Hiking from Bangkok to Barcelona


The distance between Bangkok, Thailand, and Barcelona, Spain, is about 14 000 kilometres, depending on the path one follows, and backpackers Jenn and Lluís are traversing this distance on foot. Beginning in early 2016, they departed from Bangkok with the goal of “walking towards something else, something bigger than us”, as they write on their blog

At this time, Jenn and Lluís are hiking through Tajikistan. A portion of their multi-year walking trip route takes them through the Pamir Mountains and the Wakhan Valley. They are sleeping in tents some nights, and other nights they are hosted in the homes of people they meet along the way. Read below an excerpt from one of Jenn’s recent blog entries about an experience the backpackers had when a family invited them in for tea:

“In the Pamir and Wakhan regions, it’s always tea time. We have been invited to have ‘chai’ so many times, we have lost count. If we sat down with everyone who offered this hospitality, we would probably still be just outside Langar and not 200-odd kilometres away in Khorog.

But, sometimes, during some hours of the day, the invitation comes right at the moment when we need a break or long for company. We want to get to know people here, despite our inability to speak a mutually-understandable language. Communication, obviously, is not only the spoken word; there are words of the heart that speak volumes more than vocal sounds.

‘Salom. Chai?’ comes the invitation from Abdulo, a farmer near Darshai who is tending the field while his wife watches over their cow. Lluís and I share that look, “Sure, why not?”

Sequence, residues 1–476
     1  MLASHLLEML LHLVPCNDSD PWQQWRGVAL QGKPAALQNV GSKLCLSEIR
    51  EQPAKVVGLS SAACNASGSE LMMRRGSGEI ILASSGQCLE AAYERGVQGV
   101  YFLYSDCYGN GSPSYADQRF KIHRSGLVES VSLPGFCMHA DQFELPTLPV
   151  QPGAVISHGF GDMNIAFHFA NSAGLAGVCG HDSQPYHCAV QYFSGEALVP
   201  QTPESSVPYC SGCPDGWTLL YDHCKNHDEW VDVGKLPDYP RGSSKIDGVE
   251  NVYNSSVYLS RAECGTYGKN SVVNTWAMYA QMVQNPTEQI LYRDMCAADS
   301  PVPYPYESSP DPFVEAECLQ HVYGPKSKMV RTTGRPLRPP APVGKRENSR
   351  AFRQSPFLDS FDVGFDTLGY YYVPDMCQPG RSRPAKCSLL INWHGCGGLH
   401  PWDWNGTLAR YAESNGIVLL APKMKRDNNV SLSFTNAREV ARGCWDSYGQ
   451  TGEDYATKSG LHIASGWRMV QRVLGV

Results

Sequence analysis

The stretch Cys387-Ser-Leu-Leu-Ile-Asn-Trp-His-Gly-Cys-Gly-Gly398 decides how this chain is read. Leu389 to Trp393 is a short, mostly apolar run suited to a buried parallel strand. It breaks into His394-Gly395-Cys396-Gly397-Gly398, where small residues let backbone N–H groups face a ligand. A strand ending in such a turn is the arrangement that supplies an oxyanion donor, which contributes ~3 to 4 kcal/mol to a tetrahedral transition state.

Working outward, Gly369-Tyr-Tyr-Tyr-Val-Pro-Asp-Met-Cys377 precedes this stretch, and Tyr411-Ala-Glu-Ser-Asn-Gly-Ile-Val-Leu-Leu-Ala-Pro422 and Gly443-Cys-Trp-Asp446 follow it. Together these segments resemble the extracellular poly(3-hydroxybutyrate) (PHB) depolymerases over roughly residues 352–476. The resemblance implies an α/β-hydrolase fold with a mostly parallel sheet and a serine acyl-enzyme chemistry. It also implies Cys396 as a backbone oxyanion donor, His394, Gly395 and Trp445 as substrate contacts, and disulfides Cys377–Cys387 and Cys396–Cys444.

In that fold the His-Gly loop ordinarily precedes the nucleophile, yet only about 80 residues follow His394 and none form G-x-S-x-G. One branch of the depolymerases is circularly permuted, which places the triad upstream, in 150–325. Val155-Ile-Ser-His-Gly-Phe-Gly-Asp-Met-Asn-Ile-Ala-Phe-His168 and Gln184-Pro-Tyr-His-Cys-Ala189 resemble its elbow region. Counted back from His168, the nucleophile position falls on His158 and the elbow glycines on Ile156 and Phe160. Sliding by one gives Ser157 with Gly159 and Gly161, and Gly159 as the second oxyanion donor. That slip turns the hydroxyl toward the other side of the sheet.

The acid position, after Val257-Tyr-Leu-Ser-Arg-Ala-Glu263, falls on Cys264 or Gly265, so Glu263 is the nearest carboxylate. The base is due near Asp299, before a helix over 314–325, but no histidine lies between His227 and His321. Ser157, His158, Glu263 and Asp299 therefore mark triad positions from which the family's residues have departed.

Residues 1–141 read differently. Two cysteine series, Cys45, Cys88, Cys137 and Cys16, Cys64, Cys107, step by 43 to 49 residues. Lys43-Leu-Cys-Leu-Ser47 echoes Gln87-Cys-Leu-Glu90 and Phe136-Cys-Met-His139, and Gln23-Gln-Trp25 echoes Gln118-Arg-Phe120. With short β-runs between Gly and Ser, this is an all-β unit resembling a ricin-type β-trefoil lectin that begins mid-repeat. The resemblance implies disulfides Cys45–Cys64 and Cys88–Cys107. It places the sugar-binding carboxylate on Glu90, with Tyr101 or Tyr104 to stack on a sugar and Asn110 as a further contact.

We head into the white one-story house with a flat roof, take off our shoes, and walk back into time. The architecture of Pamir houses and the symbolism they represents are rooted in more than 2 500 years of history, according the site. The layout of the rooms, the pillars supporting the ceiling, the roof beams, and the skylight and its four-level concentric square support system come with stories that bridge Zoroastrian and Ismaili traditions and blend religion and nature in ways that look simple yet elegant.

Abdulo’s mother and one-year-old son are in the main area, and we sit on cushions on the floor near them. Rugs are the main attraction. They cover floors and walls, and guard against the cold.

Abdulo lays a plastic mat on the floor, and his mother hands him an elaborately decorated tea pot, something we see time and again in every house we have the pleasure of visiting. Out come the mugs, the sugar cup and the bread. This is a custom we are getting used to and hope to continue back home–tea and homemade bread, the trademark signature of Tajik kindness. Abdulo’s mother, Oshormo, adds an extra touch – she brings us a big plate of fried noodles and insist that we finish it. For our journey, to keep us strong, she says after finding out that we are walking to Khorog and then to Dushanbe, the capital city hundreds of kilometres away.”

- This excerpt was originally published on Jenn and Lluís’s blog and is republished here with permission from the author.

Jenn and Lluís will continue posting updates as they move forward on their 14 000 kilometres from Bangkok to Barcelona, over mountains and across terrains.

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